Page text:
First of all, I’d like to wish everyone a Happy Independence Day! We are all very fortunate to live in the USA. This time of year reminds us how far we have come as a nation – and how lucky we are to have the history we do. I’m reminded of an exhibit I saw in Washington DC at the Smithsonian a couple of years back, which was a map of major world inventions and innovations. Despite the USA being less than 5% of the world’s population, we have been responsible for the lions share of major and critical inventions over the last 200+ years, creating a better world for all humankind. I’m proud to be an American for so many reasons.
A Brief History In Tax Rates
With much of the recent talk being about reducing taxes with a new Administration, I think it’s important you know where we have been historically from a tax perspective, and where we likely are going.
Let’s recap a few major dates and maximum personal tax rates :
- 1910 – The rate was less than 10%
- Immediately following WW2 it increased to 94% to help pay for the War
- In the late 1970’s under President Carter, we were still about 70%
- When President Reagan left office in 1988/89 we were at 35%
- Currently we are matching the top rate from the President Clinton years of 39.6%
Another consideration here is the fact that the US deficit is approaching $20 TRILLION dollars – source http://www.usdebtclock.org/
Given the reality of history and the growing deficit, I believe taxes will go up significantly even if we have a short-term reprieve under President Trump.
Become Tax Diversified
Let’s break assets down into 3 broad categories:
- Qualified Assets – these are 401k’s, IRA’s, pensions – money has gone in without tax but will be taxed eventually when it’s taken out
- Capital Assets – Real Estate, Stocks, Mutual Funds, Businesses – if properly planned around these can be taxed at favorable capital gains rates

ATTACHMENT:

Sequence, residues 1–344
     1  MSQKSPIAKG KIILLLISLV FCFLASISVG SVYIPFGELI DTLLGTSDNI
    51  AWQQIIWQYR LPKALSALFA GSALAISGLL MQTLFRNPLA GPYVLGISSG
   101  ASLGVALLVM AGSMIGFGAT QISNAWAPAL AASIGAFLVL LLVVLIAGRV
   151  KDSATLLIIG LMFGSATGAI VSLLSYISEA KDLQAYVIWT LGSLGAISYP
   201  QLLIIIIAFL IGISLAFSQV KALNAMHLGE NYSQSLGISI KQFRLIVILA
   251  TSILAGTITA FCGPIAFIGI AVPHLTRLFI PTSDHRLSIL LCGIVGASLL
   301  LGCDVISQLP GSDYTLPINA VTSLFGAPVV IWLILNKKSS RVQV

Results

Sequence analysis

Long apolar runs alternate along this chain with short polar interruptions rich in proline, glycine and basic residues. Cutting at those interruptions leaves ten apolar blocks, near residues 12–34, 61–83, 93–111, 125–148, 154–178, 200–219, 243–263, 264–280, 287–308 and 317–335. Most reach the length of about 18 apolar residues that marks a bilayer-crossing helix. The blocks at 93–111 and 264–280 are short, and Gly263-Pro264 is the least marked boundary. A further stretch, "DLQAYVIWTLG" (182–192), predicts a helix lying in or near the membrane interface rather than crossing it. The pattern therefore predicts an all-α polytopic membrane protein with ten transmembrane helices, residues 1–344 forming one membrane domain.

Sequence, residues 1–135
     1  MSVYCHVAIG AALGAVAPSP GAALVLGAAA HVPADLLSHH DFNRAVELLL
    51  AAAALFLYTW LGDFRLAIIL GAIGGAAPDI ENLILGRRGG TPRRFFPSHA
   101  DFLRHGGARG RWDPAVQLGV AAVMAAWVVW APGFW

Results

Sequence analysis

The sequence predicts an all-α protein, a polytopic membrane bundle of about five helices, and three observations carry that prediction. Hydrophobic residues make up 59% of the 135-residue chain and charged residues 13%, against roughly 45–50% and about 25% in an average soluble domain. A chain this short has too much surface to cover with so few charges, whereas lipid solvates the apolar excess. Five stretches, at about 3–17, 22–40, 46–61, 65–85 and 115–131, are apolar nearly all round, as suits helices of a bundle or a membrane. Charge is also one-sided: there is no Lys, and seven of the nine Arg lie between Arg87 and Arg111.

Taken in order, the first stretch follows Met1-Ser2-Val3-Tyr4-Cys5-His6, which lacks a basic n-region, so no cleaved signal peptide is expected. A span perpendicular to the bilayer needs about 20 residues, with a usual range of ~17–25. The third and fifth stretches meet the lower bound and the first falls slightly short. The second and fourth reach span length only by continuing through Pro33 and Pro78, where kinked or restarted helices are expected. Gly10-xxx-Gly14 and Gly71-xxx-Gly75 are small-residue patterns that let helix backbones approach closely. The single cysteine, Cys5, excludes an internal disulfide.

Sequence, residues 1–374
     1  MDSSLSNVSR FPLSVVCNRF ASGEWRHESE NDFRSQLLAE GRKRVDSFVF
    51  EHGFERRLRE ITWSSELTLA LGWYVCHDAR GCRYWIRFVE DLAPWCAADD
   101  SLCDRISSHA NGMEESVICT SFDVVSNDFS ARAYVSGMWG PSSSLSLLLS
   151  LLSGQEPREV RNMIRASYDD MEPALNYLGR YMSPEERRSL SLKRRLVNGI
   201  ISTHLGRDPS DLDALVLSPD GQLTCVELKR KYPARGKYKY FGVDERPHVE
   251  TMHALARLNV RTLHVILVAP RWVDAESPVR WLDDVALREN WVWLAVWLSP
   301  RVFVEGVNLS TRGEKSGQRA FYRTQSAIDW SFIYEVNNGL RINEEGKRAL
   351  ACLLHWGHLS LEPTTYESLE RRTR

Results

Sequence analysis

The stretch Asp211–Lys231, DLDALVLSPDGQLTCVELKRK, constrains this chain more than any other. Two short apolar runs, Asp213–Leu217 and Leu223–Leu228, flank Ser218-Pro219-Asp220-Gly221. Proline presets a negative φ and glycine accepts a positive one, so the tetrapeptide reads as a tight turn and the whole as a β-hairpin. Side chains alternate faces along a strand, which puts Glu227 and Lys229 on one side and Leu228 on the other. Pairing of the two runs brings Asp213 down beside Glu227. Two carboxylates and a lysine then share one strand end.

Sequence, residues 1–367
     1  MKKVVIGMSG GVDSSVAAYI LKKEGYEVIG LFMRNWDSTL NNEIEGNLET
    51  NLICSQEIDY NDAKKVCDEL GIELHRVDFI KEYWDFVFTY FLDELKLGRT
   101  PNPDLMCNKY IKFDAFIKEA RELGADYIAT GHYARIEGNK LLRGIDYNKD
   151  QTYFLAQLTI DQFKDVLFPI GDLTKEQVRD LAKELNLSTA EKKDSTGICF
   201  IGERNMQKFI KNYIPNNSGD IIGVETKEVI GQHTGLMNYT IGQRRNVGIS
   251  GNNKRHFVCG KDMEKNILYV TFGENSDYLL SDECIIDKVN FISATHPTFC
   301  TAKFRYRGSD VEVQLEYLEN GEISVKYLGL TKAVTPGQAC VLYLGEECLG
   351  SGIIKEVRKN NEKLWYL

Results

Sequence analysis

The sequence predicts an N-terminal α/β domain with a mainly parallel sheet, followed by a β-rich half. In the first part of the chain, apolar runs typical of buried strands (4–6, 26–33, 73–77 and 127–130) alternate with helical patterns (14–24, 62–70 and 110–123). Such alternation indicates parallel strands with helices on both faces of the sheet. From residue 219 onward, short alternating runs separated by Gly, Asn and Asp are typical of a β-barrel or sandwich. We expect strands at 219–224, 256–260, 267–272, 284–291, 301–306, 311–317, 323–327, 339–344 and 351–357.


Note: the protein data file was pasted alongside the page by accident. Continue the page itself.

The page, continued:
- Tax-Free Assets – Roth IRA’s (or Roth 401k’s), Municipal Bonds, Life Insurance Retirement Plans
Most people are focused on 2 buckets – Qualified and Capital – often bucket 3 is ignored or under-utilized. We must focus on getting as much as we can into the tax-free bucket within the guidelines the IRS allows.
One of the best, if not the best, planning tools around is the Roth IRA – however, the government recognizes this as well as limits how much you can put in depending upon your income, see http://www.rothira.com/2017-roth-ira-limits-announced – so if you are in the boat of many people, you can’t fund it each year.
Municipal bonds are great, but returns are very low so these are not very attractive when you should be achieving 5-7% returns at a minimum.
Life insurance contracts are expensive and usually favor the life insurance company and/or the selling agent. They have also garnered a bad reputation over the years (and in most cases rightfully so) because of the high cost and low returns.
Now that I’ve pointed out the negatives, I’d like to shift that focus to what does work. We believe that approaching all 3 buckets with a strategic plan is the right way to go. Fortunately, we have identified planning approaches that allow us to better diversify not just from a generic investment perspective but from a tax perspective. In working through a plan to review your goals and values, we can properly allocate funds to each bucket to ensure we are more efficient in tax savings today, but more importantly, tax savings every year for the rest of your days!
Schedule a time to talk today and we can discuss this directly as it relates to your personal situation. Turn your equity into a proper plan. Free 15 minute consultation: www.calendly.com/vestboard
Have a question? Send us a message.